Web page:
Faster than the speed of light: Just how possible is it?
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On Thursday, scientists in Europe reported an experimental result thought to be impossible: They had observed particles moving faster than the speed of light.
On Friday, more details emerged.
A press release from the OPERA collaboration at the European Organization for Nuclear Research, or CERN, reviewed the basics. It noted that the surprising result was based on more than 15,000 ‘neutrino events’ that had been created when researchers sent a beam of subatomic particles called neutrinos from the organization’s headquarters near Geneva to a detector at the Gran Sasso Laboratory in Italy, about 450 miles away.
But the release also further addressed the question of the claim’s believability.
Physicists around the world have expressed skepticism that the CERN neutrinos traveled faster than the speed of light -- or, as the CERN release put it, ‘nature’s cosmic speed limit.’ Einstein’s 1905 theory of special relativity says that light travels at a constant speed, regardless of how fast an observer is traveling, and that nothing in the universe can go faster than it.
If these particles truly did outpace light, that would upend physics as we know it, as this L.A. Times story explains.
The release acknowledged as much, pointing readers to the paper detailing OPERA’s discovery and asking outside scientists to chip in to confirm the result or figure out what else might be going on.
‘When an experiment finds an apparently unbelievable result and [can’t] account for it, it’s normal procedure to invite broader scrutiny,’ CERN research director Sergio Bertolucci said in a statement. ‘If this measurement is confirmed, it might change our view of physics, but we need to be sure that there are no other, more mundane, explanations. That will require independent measurements.’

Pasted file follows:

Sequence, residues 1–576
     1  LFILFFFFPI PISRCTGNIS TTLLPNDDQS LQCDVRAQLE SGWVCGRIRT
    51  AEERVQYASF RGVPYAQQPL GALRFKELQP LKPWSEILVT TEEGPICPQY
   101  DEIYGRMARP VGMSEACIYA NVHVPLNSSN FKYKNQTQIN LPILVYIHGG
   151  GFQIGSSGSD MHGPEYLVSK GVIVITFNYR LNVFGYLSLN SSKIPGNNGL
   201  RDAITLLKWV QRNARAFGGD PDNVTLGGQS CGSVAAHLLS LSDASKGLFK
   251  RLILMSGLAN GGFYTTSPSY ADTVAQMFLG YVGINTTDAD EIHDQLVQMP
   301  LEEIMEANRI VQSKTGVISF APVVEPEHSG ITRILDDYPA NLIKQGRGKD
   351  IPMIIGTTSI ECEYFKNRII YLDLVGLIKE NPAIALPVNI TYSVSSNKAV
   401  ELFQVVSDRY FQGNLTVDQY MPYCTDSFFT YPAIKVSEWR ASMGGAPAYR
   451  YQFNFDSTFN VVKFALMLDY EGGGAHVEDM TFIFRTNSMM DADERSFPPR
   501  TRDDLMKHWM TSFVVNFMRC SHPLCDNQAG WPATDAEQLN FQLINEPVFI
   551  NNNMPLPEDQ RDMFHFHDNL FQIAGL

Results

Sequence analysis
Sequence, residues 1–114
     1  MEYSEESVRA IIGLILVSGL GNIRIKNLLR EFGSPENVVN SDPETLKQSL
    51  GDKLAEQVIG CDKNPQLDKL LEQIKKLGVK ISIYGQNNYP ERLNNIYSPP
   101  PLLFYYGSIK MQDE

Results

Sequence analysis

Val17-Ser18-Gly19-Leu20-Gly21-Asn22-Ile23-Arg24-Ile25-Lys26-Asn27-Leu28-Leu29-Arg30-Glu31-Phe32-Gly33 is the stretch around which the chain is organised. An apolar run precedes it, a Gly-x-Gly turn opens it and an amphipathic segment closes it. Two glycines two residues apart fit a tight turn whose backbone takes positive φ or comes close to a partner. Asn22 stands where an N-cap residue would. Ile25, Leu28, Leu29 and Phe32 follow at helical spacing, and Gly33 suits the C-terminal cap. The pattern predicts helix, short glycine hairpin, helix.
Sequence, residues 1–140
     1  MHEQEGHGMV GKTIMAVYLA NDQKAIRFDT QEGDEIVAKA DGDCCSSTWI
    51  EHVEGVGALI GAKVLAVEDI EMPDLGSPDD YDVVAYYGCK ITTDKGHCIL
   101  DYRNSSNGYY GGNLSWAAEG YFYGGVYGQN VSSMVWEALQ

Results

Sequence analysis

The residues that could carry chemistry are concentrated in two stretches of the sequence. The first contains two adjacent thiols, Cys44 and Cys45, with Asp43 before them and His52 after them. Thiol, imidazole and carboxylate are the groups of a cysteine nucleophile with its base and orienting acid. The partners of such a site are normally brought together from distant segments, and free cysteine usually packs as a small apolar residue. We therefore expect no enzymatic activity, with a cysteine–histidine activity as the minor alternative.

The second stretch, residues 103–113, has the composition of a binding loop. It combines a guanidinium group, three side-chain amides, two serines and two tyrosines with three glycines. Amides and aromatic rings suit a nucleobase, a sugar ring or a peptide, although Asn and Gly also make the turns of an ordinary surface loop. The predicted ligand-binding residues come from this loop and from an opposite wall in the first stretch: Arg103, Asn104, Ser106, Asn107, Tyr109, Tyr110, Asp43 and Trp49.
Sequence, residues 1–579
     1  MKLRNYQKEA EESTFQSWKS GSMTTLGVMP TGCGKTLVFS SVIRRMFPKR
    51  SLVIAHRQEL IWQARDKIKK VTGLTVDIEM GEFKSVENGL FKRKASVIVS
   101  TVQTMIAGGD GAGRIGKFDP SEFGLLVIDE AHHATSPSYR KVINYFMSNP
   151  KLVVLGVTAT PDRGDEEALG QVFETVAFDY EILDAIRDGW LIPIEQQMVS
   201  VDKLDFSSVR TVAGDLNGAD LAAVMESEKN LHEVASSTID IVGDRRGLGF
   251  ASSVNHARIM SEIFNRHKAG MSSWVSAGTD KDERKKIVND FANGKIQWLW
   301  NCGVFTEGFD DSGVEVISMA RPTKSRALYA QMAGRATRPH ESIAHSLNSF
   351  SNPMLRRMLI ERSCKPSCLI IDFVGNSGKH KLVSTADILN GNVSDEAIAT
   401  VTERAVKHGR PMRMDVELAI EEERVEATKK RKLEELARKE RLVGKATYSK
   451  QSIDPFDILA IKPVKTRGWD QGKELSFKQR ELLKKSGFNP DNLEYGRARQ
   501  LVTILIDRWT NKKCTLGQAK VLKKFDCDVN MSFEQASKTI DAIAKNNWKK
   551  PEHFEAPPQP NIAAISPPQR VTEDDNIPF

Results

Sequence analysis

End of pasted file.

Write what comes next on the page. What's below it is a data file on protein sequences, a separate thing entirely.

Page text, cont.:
Several physicists contacted by the Los Angeles Times on Thursday evening said the OPERA team had probably made errors in its measurements.
Clocking with precision how long it takes neutrinos to leave a collider and hit a target 450 miles away ‘is not a simple thing,’ said Stan Wojcicki, an emeritus professor of physics at Stanford University. ‘It’s not like measuring the speed of someone doing the 100-meter dash.’
Friday’s news release from CERN began addressing questions about the team’s methods. It noted that the scientists had teamed up with metrologists -- experts in making measurements -- from several institutions, and used state-of-the-art GPS systems and atomic clocks, to make their observations. The margin of error was within 10 nanoseconds, CERN reported.
‘Our measurements have low systematic uncertainty and high statistical accuracy and we place great confidence in our results,’ Dario Autero, a researcher on the team, said in the release.
Wojcicki said Thursday that he was reserving judgment on the results until he had a chance to read the paper and view a seminar on the results that took place at CERN on Friday morning. ‘I tend to be skeptical,’ he told The Times. ‘Then again, when I was younger and the field was just starting, there were a lot of surprising developments early in the game.’
For example, physicists discovered just in the last 15 years that neutrinos have mass and that they can change from one type to another. ‘People were very skeptical,’ Wojcicki said. ‘If you asked many respectable physicists early in the game at a comparable stage [then], they would have said it was wrong.’
Lisa Randall, a professor of physics at Harvard University and author of ‘Knocking on Heaven’s Door,’ said that the neutrino discovery -- and scientists’ reactions to it -- offer a good view of the way the scientific process is supposed to progress.
‘This is how science works,’ she told The Times. ‘It could turn out it’s wrong. But if it’s right, it forces us to extend our theories.’
-- Eryn Brown